Who doesn’t like a good hero story? I love the MCU (The Marvel Cinematic Universe) and all the crazy and creative plot lines. In many ways, the Judges that God raised up to deliver Israel from their oppressors were Israel’s version of the Avengers. And like some of the hero’s in MCU, many of the Judges lacked a moral compass – they were adrift, unpredictable in character and ungrounded in conviction. They were given to expediency and selfish gain.
That reminds us to never confuse being used by God with being approved by God.
Israel seemed to do OK as long their hero Joshua lived and his influence lasted. But as soon as Joshua and his fellow leaders died, Israel forgot to remember the works of God as told in the word of God – so they lost will to obey God. And then they became adrift, unpredictable in character and ungrounded in conviction.
That reminds us that we actually become like that which we worship (see Hosea 9:10).
When their hero died, they lost sight of God’s goodness, which was to trigger their response of worship, love and willing submission to Him and His plans (See Judges 2:6-7)
Israel’s hero-following pattern continued with each Judge:
“18 Whenever the LORD raised up judges for them, the LORD was with the judge, and he saved them from the hand of their enemies all the days of the judge. For the LORD was moved to pity by their groaning because of those who afflicted and oppressed them. 19But whenever the judge died, they turned back and were more corrupt than their fathers, going after other gods, serving them and bowing down to them. They did not drop any of their practices or their stubborn ways” (Judges 2).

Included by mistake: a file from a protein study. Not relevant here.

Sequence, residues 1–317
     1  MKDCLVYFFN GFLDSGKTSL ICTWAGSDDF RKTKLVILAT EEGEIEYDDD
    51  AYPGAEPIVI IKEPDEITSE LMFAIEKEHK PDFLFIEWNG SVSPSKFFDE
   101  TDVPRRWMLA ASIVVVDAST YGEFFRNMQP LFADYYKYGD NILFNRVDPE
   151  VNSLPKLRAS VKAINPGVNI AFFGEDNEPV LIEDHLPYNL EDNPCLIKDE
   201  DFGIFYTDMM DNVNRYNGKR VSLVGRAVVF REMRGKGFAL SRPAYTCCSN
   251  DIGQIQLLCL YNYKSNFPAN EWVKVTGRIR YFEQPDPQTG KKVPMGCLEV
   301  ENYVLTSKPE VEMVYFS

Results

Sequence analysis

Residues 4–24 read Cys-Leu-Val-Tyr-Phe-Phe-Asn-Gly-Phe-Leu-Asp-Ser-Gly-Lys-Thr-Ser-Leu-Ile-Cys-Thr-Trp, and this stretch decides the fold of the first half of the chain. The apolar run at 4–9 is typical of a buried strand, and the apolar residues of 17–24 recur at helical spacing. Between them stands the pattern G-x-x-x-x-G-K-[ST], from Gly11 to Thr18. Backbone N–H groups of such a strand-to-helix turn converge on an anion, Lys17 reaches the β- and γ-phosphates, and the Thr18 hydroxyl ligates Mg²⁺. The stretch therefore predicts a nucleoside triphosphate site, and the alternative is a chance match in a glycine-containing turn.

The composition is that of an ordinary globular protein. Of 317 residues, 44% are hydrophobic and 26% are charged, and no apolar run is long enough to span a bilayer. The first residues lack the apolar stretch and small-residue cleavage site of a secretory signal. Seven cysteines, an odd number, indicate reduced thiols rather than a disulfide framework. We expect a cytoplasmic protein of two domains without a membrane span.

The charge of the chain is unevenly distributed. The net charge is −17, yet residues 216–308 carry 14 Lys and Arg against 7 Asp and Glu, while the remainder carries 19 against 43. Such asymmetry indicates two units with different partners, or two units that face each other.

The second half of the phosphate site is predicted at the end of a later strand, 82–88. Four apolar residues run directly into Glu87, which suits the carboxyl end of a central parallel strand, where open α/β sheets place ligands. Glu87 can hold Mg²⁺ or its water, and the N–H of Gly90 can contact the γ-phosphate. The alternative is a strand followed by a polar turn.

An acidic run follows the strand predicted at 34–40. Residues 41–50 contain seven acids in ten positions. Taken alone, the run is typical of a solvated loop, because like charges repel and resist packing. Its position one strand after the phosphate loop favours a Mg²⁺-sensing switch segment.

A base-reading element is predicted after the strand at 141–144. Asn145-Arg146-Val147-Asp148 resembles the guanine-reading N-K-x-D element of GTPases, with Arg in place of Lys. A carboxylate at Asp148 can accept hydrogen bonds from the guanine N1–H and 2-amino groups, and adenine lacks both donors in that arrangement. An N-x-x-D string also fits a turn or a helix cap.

Note, who saved Israel? Was it the Judge? No, God saved them.
Note, what motivated God? Anger? No. It was pity. His goodness, grace and compassion motivated God.
That reminds us: If you are a hero, the trick is to lead and point others to God. If you are a follower, the trick it to follow God, not the hero.
Israel had fallen into a trap that is still actively at work today: hero worship. So many of us tie into a particular leader, usually gifted in some fantastic and magnetic way. So, we end up following someone who is following Jesus (or so they say). But when we engage in hero worship, it’s easy to neglect our own spiritual journey, our own spiritual walk – and that always comes with consequences.
Paul had to instruct the church at Corinth not to hero worship but to focus on Christ who was crucified. He said,
“I appeal to you, brothers, by the name of our Lord Jesus Christ, that all of you agree, and that there be no divisions among you, but that you be united in the same mind and the same judgment. 11 For it has been reported to me by Chloe's people that there is quarreling among you, my brothers. 12 What I mean is that each one of you says, “I follow Paul,” or “I follow Apollos,” or “I follow Cephas,” or “I follow Christ” (1 Cor. 1: 10-12).
Do you own your walk with God?
When the people of God forget to remember the works of God as told in the word of God, they lose their will to obey God – and are prone to hero worship.